Cavanaugh’s scheme began to unravel when the military charity HunterSeven announced it had been unable to find any records of her military service, according to Task & Purpose. A retired Marine officer also noticed that Cavanaugh had claimed to be both a staff sergeant and corporal at the time of her discharge in different accounts. The fraudster plead guilty to wire fraud, aggravated identity theft, forged military discharge certificate, and fraudulent use of military medals charges in August.
Sarah Jane Cavanaugh was serving as commander of a Veterans of Foreign Wars post in Rhode Island when her lies were exposed https://t.co/HnIAoJbAda— Task & Purpose (@TaskandPurpose) March 15, 2023
A Boston-area FBI agent pointed to Cavanaugh’s scheme as disgraceful exploitation of military valor and benefits. “Sarah Cavanagh feigned having cancer, and falsely claimed valor where there was none, to gain hundreds of thousands of dollars in benefits and charitable donations,” Special Agent in Charge of the FBI Boston Division Joseph R. Bonavolonta said. “Make no mistake, the FBI and our law enforcement partners are committed to seeking justice for anyone who lies about serving our country and illegally takes money from federal programs that help veterans who rightfully deserve it.” In addition to her prison sentence, a federal judge ordered Cavanaugh to repay $284,796.82 in restitution to victims of her fraud. The Stolen Valor Act of 2013 criminalizes falsely claiming military service to obtain money, property, or any other tangible benefit. This article appeared originally on The Western Journal.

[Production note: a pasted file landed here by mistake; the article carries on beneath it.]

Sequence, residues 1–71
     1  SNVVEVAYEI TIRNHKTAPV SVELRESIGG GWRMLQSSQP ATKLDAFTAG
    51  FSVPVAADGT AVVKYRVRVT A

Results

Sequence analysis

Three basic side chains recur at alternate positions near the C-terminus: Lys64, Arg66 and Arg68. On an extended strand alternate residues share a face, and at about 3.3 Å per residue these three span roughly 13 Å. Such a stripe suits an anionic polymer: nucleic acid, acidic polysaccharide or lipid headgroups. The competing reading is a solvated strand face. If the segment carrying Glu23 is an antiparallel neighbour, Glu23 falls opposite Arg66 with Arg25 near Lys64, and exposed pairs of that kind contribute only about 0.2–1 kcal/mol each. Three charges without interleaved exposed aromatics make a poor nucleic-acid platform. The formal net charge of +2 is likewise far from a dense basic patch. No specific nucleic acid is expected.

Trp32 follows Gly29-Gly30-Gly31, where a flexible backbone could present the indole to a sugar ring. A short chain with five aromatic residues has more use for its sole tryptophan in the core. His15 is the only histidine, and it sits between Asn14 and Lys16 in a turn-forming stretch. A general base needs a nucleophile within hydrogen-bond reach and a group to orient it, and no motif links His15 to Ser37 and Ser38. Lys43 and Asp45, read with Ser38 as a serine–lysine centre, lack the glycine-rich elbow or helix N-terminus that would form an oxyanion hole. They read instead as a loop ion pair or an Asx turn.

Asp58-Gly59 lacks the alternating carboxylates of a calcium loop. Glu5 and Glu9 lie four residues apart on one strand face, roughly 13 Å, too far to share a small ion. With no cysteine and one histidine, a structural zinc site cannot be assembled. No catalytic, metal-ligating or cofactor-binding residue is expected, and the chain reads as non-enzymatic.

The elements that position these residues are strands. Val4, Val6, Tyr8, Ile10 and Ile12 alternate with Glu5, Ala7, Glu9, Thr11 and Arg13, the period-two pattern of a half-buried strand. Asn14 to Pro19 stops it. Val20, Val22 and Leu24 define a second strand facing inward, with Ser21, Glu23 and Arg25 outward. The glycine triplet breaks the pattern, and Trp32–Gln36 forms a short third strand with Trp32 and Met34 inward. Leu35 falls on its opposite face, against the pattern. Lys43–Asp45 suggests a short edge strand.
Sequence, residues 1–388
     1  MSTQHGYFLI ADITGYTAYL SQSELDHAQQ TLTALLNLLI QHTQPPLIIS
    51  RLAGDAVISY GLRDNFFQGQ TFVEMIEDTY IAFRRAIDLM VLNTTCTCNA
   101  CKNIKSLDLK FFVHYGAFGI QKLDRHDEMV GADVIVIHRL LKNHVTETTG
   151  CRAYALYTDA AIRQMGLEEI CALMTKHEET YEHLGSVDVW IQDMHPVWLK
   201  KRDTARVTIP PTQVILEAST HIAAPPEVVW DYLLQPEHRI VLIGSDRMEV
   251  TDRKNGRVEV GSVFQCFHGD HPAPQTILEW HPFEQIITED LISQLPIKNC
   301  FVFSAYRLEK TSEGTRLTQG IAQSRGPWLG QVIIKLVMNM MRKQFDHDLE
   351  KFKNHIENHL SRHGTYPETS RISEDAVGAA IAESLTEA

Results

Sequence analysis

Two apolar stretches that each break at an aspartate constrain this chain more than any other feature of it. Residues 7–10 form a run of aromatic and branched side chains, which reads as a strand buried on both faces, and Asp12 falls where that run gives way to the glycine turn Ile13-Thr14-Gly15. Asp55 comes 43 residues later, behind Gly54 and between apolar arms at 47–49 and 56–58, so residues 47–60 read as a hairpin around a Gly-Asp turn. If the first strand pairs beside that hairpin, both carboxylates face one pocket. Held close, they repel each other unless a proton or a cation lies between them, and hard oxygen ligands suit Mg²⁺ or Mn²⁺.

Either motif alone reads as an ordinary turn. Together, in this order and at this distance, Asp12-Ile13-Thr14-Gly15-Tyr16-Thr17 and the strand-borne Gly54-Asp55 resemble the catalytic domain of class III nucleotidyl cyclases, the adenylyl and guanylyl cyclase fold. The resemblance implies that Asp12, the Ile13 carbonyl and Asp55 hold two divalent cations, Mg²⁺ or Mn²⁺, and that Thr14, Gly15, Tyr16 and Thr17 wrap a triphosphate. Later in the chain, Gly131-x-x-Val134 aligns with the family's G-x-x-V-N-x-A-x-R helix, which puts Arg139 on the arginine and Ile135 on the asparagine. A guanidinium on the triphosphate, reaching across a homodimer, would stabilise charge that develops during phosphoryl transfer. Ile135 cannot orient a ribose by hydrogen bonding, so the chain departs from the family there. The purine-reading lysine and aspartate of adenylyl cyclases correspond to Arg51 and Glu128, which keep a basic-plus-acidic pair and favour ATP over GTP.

Never understood stolen valor types like Sarah Jane Cavanaugh, or for that matter Rachel Dolezal or Lia Thomas—people so desperate or shallow they spend their entire lives pretending to be something else for attention and benefits. https://t.co/2stgxpdGJX— Mark J. Kilbane (@KilbaneWins) March 15, 2023